For Whom the Bell Tolls

June 13, 2017 9:00 am

For whom 3.2.1… tolls.

Today I would like to discuss the focus and purpose of training, an area which is often overlooked as a source of motivation but that may ultimately be more meaningful than all others. Most, if not all of us, begin training for personal reasons –  to look better, to feel better physically, to compete with our self and others or just in the hopes of living a little longer. All great and genuine reasons to begin loving yourself a little more through physical training.

I want you to take a moment to think back to your most recent workout. It could have been this morning, maybe it was yesterday or it may have been a week since you could fit a workout into your schedule. Think about that workout, the intensity, the focus required, the energy it took from you, and ultimately the glowing sense of accomplishment upon completion. Ask yourself:

How did that workout leave me feeling?

The hormonal responses elicited from intense exercise have long been documented. We have been talking about ‘runner’s high’ for years and any CrossFitter, yogi or endurance fiend can tell you about that post-exertion exhaustion accompanied by a visceral sense of calm or high. All good stuff and a display of the awesome beauty of nature to provide pleasure where there is a valuable benefit to survival. When you workout at an intense level, you develop a scale for difficulty. When you tackle seemingly unachievable tasks and come out the other side, you expand your sense of competency. You develop self confidence in your own ability through reflection and comparison. You are confident, you are happy.

“That work deadline is nowhere near as difficult as Fran this morning, I got this.”

Opportunities become exciting, not overwhelming. A generally positive outlook is easier to maintain when backed by a strong self confidence that accompanies the regular accomplishment of seemingly impossible tasks (any of Coach Dariel’s workouts!). You live a little more in your stretch zone, less in your comfort zone and good things happen.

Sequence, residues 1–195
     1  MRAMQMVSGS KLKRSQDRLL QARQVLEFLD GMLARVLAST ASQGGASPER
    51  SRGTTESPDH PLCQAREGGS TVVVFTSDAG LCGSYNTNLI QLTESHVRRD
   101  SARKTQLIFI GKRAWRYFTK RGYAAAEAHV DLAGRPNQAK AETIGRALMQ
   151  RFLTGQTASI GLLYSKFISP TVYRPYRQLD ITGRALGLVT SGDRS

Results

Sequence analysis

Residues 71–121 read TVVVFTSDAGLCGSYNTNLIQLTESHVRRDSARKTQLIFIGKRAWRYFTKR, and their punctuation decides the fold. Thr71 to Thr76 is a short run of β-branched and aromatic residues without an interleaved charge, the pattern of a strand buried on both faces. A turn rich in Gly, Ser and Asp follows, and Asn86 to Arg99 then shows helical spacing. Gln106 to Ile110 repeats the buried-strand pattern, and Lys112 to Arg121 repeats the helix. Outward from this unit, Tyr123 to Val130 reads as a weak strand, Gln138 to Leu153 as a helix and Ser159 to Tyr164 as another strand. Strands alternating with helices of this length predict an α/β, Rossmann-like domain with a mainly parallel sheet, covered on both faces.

But what is really interesting is what effect this has on the people in your life. Every day you have obligations to those around you. Your family, your friends, your coworkers and your community all must interact with you through a myriad of situations both good and bad. Every day you have hundreds of personal interactions and in a city like New York that can very often reach unnaturally high volumes. This all takes a toll. It requires energy of which you have limited supply. It requires focus in a world built on distraction. With every interaction you have a choice, and it is a simple one. To be a positive or negative influence on those you interact with.

The human mind will adapt very quickly. So quickly in fact that after only a few days of difficulty or challenge with work or relationships you may seemingly forget about all that was good yesterday and all that is good tomorrow, all the while missing out on what is good today, right now, right in front of you. You adopt the cloud over your head as the new normal and your interactions begin to reflect this negative undercurrent. You are unhappy.

Luckily a very simple and effective solution is also within reach. When you workout your mind is forced into the present. During an intense workout you cannot think about that aggressive situation on the subway, that awkward date, that overbearing student debt or your boss that is just missing your point. You must focus fully on the seemingly insurmountable workout in front of you. The blood rushing through your eardrums drowns out any internal dialogue as you struggle for breath. Intense exercise is simply forced meditation through presence both physical and mental. I could go on for days about the benefits of meditation, however that is not the purpose of this article. What I am interested in bringing to the surface is the flow-on effects of these regular doses of presence, accomplishment and physical exhaustion.

When you next leave Solace I want you to pay particular attention to your attitude and general demeanor. What are you carrying out of the gym? Are you happier than when you entered? Are you enjoying a more positive outlook on the day? Are you able to see those challenges and hurdles with a little more perspective? Have you ‘got this’ today?

Now I want you to think about who gets to benefit from that positive outlook. Are you a better boss to your staff? Are you a better spouse, or parent? Are you a little more patient on your morning commute? Can you see someone else’s side of the argument now?

Are you a little more of the person you want to be, and a little less of that person you don’t really like?

Exercise brings out the best in us. Physically, mentally, socially. So next time you are in need of a little motivation, or finding you are living with that cloud. Reach for hard work and self dedication and remember all of those people in your life who are relying on you to put that work in so they can get to enjoy the version of you they most love. Your family, your friends, your community will thank you. Your workouts are bigger than you alone. Take Solace in that.

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